Ryan – Around 10.

QRD – At what age do you think you leveled up to your best guitar playing?

Ryan – I don’t think I have. I’m always shifting my focus towards different things. At the moment I’m not nearly as fast or precise as I used to be, but my ear is so much better I know how to get what I want & what to play when. I’m getting better at playing to bring out the musicians around me.

QRD – Why do you think a guitar fits you more so than other instruments?

Ryan – It’s such a social instrument. I used to play saxophone as well, but in high school I stopped because there weren’t the same opportunities to play it with friends. The guitar is so easy to play along with other people.

QRD – Do you think guitar should be people’s first instrument as often as it is?

Ryan – I think if someone falls in love with the sound of any instrument they should learn that. I don’t think the guitar is as inspiring to listen to as violin or saxophone, but you can get a good understanding of music through the guitar & it’s probably easier.

QRD – Do you see your guitar as your ally or adversary in making music?

Ryan – I would say it’s my ally. We definitely have to work together, even if sometimes it takes a bit of convincing for it to do what I want.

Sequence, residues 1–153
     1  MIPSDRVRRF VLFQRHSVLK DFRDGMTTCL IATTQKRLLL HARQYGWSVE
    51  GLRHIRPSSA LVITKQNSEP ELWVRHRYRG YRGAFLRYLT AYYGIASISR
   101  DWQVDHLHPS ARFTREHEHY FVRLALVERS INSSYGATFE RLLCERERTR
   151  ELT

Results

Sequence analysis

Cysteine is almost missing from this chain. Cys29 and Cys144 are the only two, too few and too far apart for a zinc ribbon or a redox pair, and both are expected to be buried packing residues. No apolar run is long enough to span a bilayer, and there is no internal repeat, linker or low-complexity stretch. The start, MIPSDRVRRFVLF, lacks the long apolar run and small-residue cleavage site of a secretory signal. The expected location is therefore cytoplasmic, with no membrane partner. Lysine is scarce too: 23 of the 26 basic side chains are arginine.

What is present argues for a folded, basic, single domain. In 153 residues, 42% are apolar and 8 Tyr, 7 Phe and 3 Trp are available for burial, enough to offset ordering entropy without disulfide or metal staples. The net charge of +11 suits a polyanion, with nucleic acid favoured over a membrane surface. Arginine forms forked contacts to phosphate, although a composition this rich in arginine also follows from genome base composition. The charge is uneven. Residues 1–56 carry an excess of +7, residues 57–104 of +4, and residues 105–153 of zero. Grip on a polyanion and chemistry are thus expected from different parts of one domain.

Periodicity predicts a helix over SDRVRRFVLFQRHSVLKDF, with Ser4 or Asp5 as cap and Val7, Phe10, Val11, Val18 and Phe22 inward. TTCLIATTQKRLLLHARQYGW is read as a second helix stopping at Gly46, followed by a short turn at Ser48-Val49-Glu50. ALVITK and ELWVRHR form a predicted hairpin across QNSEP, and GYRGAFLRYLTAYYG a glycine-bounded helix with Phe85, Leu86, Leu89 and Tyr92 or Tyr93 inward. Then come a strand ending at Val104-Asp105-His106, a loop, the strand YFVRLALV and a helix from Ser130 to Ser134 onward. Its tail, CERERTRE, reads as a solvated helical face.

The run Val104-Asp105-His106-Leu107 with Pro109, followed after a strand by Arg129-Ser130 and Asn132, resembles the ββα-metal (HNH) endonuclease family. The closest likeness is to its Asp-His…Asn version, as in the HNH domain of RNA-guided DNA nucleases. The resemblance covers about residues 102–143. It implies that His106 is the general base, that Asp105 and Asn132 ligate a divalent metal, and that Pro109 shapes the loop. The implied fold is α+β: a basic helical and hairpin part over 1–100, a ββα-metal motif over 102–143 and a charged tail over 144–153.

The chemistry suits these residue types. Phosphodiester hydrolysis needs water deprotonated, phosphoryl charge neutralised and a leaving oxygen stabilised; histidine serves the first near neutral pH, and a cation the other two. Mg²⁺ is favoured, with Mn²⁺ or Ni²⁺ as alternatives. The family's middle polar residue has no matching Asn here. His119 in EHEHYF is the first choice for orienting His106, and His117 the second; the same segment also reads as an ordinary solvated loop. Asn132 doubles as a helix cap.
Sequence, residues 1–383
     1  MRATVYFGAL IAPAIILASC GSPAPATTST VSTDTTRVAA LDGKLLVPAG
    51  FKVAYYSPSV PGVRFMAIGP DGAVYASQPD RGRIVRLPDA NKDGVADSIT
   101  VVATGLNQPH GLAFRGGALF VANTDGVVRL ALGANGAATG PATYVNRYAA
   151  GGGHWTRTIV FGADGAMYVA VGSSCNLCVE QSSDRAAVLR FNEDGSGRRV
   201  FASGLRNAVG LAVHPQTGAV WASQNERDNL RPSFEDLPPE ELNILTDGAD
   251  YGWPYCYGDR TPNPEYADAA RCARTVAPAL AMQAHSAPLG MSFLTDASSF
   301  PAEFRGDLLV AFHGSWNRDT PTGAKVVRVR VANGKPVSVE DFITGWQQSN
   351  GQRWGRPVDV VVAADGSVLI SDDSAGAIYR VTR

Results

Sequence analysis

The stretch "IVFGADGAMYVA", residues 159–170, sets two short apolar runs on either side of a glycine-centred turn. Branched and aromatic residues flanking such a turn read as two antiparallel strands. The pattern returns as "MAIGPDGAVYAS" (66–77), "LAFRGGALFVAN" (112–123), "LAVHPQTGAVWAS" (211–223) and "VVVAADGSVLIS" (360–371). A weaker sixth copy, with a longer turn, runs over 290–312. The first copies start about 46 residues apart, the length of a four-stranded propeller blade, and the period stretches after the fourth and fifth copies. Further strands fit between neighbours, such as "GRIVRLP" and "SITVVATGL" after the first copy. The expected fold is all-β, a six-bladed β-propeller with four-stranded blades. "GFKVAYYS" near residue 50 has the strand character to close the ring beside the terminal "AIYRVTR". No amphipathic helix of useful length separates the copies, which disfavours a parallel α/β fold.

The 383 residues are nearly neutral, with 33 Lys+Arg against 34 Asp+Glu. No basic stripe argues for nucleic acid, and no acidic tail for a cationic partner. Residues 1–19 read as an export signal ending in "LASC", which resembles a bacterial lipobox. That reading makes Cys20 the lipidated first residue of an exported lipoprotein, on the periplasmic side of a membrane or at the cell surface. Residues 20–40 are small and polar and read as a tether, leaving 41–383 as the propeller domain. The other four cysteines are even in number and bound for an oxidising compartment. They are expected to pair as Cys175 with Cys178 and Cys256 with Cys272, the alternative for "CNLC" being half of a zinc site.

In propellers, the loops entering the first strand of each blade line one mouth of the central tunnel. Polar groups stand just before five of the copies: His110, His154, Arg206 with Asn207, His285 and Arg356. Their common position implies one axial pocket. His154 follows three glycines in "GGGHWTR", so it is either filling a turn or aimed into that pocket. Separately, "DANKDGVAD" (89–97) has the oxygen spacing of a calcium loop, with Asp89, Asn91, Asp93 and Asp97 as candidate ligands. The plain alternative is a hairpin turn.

QRD – Who are the guitarists that most influenced your playing & sound?

Ryan – I have loved Neil Young for quite a while. I love the really messy soloists like Neil Young, Tom Verlaine, Robert Quine, Gareth Liddiard & Jeff Tweedy on A Ghost is Born. I like Blixa Bargeld’s style & I like the old blues guitarists. R.L Burnside, Lightnin’ Hopkins, Bo Diddley are all great. Mick Turner changed the way I play a lot. I love Link Wray too.

QRD – Do you think people anthropomorphizing guitars is natural or silly (e.g. naming guitars)?

Ryan – I’ve never done it but I don’t have a problem with it.

QRD – What’s the most physical damage you’ve done to a guitar & how did you do it?

Ryan – I’ve never really smashed a guitar or anything. The most damage I’ve done is probably to myself - playing too hard for too long after dropping a pick & slicing up all my fingers. Then the guitar gets covered in blood & damaged that way.

QRD – What do you do to practice other than simply playing?

Ryan – Nothing!

QRD – How many hours a week do you play guitar & how many hours would you like to?

Ryan – I play for probably 5 hours a week on average - sometimes more & sometimes less. I think that’s a good amount for me to play.